Although the basic principle is simple and transparent, its practical implementation requires some additional considerations. First of all, we have to decide who can participate in this system. For example, the system could involve everyone with an academic appointment at an accredited institution. Second, like the current proposal peer-review system, conflicts of interest must be vigorously prevented. A well-designed automated approach may effectively eliminate most problems. For instance, coauthorship and shared affiliations can be automatically detected from scientific information databases. Also, algorithms may efficiently detect fraudulent reciprocal donation loops or cartels, which should be forbidden and penalized.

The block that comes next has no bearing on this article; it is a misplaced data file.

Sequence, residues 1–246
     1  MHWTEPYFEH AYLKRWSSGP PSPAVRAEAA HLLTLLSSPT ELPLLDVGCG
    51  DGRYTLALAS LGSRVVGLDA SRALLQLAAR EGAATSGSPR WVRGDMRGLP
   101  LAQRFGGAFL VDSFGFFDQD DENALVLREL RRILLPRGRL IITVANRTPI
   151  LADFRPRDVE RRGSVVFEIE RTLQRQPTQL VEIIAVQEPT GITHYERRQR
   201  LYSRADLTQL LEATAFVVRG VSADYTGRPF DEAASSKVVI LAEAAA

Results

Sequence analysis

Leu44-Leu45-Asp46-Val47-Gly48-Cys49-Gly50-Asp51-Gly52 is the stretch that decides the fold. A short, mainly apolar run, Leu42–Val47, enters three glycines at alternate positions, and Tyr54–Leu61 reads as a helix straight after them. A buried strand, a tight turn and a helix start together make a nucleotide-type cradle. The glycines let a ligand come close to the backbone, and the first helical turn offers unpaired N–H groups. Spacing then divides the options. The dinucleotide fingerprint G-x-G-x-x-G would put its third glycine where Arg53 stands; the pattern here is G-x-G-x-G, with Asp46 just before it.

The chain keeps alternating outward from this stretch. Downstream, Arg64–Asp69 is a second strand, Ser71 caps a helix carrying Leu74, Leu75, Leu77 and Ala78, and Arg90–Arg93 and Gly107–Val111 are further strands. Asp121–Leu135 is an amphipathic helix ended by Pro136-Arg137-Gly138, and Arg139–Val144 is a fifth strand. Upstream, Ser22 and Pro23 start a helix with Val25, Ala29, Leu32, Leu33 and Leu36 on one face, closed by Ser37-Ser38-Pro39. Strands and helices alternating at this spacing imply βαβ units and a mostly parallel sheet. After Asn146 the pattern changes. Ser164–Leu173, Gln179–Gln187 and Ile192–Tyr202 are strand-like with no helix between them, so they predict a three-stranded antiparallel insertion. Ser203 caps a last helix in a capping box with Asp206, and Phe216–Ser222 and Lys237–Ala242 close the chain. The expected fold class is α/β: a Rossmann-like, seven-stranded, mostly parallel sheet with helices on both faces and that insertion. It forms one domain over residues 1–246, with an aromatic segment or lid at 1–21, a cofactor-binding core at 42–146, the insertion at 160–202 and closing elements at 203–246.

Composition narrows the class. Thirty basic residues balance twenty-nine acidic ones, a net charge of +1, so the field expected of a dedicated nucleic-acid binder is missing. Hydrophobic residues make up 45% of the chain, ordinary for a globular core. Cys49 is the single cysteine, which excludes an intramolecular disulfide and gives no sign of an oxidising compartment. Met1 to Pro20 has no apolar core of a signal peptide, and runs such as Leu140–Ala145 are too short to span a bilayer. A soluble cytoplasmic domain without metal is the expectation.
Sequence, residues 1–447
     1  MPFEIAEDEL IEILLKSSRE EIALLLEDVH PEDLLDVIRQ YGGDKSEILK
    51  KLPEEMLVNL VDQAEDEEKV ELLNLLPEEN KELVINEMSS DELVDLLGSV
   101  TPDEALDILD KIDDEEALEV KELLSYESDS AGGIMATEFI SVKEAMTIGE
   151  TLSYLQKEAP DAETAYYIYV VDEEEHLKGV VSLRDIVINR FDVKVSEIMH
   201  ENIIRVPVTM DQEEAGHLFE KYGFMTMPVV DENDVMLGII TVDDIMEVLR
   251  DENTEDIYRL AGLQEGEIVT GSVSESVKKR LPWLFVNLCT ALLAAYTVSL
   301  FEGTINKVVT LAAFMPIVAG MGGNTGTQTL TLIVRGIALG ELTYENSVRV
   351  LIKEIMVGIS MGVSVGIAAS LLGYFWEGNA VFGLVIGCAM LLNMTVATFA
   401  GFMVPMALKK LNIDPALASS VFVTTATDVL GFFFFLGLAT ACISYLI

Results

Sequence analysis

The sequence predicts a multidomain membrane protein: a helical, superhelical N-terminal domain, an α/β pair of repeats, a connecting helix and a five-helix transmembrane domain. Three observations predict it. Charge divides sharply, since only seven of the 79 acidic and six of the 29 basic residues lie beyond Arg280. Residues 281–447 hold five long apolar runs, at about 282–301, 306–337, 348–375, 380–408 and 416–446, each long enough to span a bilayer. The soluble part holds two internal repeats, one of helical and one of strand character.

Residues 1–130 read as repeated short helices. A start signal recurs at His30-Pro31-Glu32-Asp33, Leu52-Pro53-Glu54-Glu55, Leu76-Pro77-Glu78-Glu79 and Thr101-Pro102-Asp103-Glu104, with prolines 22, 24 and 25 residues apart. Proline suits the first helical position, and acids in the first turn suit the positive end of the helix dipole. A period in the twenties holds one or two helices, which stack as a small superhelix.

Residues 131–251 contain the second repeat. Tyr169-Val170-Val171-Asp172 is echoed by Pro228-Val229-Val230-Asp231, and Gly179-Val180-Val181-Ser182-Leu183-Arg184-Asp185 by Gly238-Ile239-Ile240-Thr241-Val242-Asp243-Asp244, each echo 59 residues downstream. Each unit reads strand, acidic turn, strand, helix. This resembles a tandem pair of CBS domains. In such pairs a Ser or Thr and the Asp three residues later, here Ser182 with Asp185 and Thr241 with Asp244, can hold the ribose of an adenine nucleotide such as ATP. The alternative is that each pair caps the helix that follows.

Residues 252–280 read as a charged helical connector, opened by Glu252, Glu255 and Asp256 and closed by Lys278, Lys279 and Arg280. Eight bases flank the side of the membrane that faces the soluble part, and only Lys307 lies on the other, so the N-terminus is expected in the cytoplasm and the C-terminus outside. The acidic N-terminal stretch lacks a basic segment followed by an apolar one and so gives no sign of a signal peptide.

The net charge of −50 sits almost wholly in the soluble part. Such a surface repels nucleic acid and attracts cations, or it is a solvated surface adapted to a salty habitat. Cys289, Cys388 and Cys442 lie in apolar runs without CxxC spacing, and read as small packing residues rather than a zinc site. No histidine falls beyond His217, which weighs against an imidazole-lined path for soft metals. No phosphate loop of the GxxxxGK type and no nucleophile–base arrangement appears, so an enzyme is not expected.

Funding agencies will naturally play a central role in the development, application, and refinement of the proposed system. For instance, self-organized fund allocation (SOFA) could be set up to run within specific domains, subdomains, or even smaller topic areas, e.g., chemistry, environmental chemistry, or marine chemistry. This allows funding agencies and policy makers to set budgets according to programmatic priorities. Stable funding for expensive infrastructure and long-term contracts could continue to be allocated by the existing funding system. However, staying closer to the new approach, researchers could also be allowed to put up large common projects or infrastructures as “supernodes” for funding in SOFA. It may also be convenient to provide some generic options such as “redistribute my funding equally to all female scientists” or “scientists younger than 30 years old.” These and other elaborations may further ensure a reliable and balanced system. Clearly, a cautious approach is needed, requiring a transparent multidisciplinary team effort that involves the funding agencies for designing, monitoring, and evaluating pilot projects that pave the way for a larger scale implementation.